Monday, December 19, 2011

Stop that; the guys don't like it.

Recently, I "stumbled-upon" an advice column telling women what they should or should not wear. As someone  who always has one, opinions on what styles should get chucked do not bother me. This particular list featured hair extensions, bright-colored lipsticks, and too much make-up.

This is like any other issue of Cosmo or Allure, telling us women what we need to know. Now, my beef isn't with the media portraying women as airbrushed, supernatural beings (not today, anyway) -- it's actually quite the opposite. The articles have seemed to shift focus -- now bloggers are telling us, "Hey you! It's okay you don't look like a model... guys actually want realistic women!"

And that's where the problem comes in... How many times (girls) have you read about how you should not wear too much make-up because guys don't like that? Or how about how guys love curves? Don't forget to leave your hair extensions at home, because when you are with a guy, they might run their fingers through your hair and rip one out.

Give me a break. Has anyone noticed that by telling us we can be ourselves, we are still reinforcing that with "because the guys will like you anyway!" Why? Why can't we do things for ourselves?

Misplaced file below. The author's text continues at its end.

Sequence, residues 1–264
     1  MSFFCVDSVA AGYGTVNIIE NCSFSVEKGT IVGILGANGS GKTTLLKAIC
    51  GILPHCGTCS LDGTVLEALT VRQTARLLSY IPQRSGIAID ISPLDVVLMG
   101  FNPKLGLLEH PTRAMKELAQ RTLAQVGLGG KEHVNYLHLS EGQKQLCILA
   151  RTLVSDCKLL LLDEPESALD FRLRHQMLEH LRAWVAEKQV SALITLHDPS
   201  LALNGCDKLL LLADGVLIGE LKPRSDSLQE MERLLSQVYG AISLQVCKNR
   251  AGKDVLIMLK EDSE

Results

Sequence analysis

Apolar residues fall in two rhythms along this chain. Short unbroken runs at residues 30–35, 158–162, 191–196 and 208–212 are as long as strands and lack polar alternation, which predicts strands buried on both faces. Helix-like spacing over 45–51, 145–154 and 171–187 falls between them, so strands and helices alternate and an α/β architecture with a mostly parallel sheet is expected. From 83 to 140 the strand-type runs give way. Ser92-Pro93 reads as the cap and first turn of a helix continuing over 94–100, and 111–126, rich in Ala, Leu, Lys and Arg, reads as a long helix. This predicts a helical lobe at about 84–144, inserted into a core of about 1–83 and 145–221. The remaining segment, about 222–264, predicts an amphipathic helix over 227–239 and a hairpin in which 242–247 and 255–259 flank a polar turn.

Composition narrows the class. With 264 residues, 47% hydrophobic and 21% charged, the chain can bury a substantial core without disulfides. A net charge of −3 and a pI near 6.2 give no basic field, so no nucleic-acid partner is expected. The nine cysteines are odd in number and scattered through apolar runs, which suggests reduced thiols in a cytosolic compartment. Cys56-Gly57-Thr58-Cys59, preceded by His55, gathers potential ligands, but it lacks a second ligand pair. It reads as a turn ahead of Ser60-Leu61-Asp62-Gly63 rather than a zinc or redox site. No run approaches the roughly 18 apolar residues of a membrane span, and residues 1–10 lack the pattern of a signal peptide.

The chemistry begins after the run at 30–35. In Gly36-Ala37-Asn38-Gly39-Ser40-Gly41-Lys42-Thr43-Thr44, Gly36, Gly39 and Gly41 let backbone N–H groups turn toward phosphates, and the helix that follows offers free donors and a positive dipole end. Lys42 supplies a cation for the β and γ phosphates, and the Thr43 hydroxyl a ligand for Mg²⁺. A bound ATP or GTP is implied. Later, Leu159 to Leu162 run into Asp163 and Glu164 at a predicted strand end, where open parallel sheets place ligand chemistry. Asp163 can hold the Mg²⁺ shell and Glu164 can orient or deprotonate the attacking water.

I love Sephora; it's my guilty pleasure. Something about looking around at expensive make-up puts stars in my eyes. Not only do I love looking at it, I love buying it. Don't give me that nude-colored eye-shadow either. I like creating smoky dark eyes and spending an hour on my make-up before I go out. Here's the real shocker: I like doing this because I think it's fun. Not because guys may think I'm hot -- I'm told they don't like a lot of make-up anyway.

Aside from my Sephora addiction, I like running (when I can find the time). I do care about my figure to a certain extent. Again, it's not because I'm trying to attract males. I do it because I like to feel good about myself, and that's one of the ways I achieve that.

Ladies, let's get with it. Everything we do doesn't have to be about the guys we're going to attract. My feminist side screams at every article telling me to do or not do something simply based on what the opposite sex might think. I'm not saying I don't ever think about it, but why is our culture so obsessed with it?

Perspective: guys aren't engrossed in magazines and websites instructing them not to wear socks with sandals because 1) they know we'll like them anyway and 2) if we don't we're probably too high maintenance for them. We should learn from them (just this once...)

Sunday, December 11, 2011

Sandusky is a monster, not a joke

Lately, I've been overhearing people use the phrase, "Watch out, or you'll get Sanduskied" or "They'll give you the old Sandusky."

Too soon? It could be 1000 years from now and it would still be too soon. That's just sick. Too many lives have been ruined by this mess, and I'm all for comic relief, but I can find none in this situation.

The sad thing is, there's a good chance this could unfortunately catch on to describe child abuse. Anyone ever hear the phrase 'going postal'? Yeah, that come from somewhere.